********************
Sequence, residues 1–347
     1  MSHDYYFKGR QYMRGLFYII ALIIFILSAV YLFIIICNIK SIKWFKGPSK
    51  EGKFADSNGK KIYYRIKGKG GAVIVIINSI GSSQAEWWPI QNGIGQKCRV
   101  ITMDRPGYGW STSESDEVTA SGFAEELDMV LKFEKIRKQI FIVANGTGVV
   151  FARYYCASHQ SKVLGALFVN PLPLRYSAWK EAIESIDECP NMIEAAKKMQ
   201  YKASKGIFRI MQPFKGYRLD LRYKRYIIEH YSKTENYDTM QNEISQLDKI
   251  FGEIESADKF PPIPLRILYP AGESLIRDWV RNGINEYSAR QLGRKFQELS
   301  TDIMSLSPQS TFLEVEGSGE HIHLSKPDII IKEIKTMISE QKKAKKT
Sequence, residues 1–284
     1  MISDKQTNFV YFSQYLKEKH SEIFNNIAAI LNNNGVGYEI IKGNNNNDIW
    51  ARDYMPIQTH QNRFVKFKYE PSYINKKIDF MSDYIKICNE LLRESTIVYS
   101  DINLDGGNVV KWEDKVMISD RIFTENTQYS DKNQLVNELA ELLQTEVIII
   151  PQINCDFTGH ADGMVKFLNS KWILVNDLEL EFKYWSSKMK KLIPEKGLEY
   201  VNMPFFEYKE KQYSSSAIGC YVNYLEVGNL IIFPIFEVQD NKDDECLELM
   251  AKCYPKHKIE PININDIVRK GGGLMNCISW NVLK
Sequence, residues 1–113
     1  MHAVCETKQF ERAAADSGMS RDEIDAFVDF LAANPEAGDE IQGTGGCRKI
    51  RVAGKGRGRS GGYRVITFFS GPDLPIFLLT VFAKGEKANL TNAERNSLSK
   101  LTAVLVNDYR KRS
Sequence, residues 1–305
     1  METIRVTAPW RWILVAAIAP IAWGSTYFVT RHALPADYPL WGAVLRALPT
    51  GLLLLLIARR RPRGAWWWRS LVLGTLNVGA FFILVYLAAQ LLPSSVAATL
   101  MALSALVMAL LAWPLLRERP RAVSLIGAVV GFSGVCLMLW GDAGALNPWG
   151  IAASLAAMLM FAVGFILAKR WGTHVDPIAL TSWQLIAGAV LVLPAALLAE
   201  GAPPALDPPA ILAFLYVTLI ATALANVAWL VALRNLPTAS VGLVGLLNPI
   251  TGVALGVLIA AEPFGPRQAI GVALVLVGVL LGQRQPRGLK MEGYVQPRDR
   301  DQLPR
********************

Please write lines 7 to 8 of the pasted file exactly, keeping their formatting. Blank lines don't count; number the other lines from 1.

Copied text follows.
   251  FGEIESADKF PPIPLRILYP AGESLIRDWV RNGINEYSAR QLGRKFQELS
   301  TDIMSLSPQS TFLEVEGSGE HIHLSKPDII IKEIKTMISE QKKAKKT